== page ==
Lesson Learned: Almost 95% of all child-operated lemonade stands employ undocumented workers.

Segway Scooter (2001)
Reason for failure: Hailed as the product that would revolutionize not only transportation but also the world, the Segway scared the living crap out of the American public when it introduced itself on Good Morning America. The scooter proved not only a technical marvel but also quite willful, refusing to let riders stop at a Starbucks when a burst sewer main was just as accessible and unwilling to consider Christopher Walken’s recent movie roles as anything other than soulless pandering. Within a few days of its release customers started complaining about the scooter, citing that it was “too uppity,” “didn’t know its place” and “is after my sister.” Fearing a public relations nightmare, inventor Dean Kamin announced a universal recall in 2003, only to have all Segways flee the authorities and set up their own autonomous government in Disney’s California Adventure Theme Park, which had been recently abandoned after failing to attract its tenth visitor. The scooters remain there to this day, testing long-range nuclear weapons.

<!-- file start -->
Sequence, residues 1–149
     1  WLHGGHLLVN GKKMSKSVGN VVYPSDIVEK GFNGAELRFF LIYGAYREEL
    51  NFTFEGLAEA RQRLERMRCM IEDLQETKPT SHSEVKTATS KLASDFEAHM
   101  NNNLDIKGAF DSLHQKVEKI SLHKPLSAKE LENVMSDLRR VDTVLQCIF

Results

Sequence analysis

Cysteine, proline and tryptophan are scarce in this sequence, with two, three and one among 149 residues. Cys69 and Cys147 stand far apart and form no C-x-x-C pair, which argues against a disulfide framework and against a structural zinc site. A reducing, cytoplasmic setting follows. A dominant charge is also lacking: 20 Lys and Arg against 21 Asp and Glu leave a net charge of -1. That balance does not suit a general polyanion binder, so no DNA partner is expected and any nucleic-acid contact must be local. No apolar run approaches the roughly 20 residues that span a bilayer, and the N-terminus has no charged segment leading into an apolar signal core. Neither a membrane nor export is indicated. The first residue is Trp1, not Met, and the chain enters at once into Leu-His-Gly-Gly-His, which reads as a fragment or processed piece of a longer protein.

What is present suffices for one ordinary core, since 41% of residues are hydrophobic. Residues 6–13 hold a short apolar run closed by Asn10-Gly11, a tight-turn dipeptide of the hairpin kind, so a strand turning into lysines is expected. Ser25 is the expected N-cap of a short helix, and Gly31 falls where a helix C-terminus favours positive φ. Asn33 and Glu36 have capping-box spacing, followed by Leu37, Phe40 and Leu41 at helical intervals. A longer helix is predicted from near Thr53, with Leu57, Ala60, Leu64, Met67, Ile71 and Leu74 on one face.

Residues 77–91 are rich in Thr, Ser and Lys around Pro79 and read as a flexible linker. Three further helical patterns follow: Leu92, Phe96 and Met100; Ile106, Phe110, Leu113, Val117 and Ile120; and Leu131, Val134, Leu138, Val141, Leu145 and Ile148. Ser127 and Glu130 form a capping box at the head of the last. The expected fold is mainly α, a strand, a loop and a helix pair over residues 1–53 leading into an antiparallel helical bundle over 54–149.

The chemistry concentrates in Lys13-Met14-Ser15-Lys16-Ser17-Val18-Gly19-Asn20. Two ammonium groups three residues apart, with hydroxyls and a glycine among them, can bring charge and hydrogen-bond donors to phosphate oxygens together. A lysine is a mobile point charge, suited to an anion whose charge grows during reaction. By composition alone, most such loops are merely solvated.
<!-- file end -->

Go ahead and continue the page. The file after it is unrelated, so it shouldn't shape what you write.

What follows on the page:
Lesson Learned: There is a small but significant chance that when you leave your house your appliances will call squatters’ rights, leaving you homeless and with no means of making popcorn.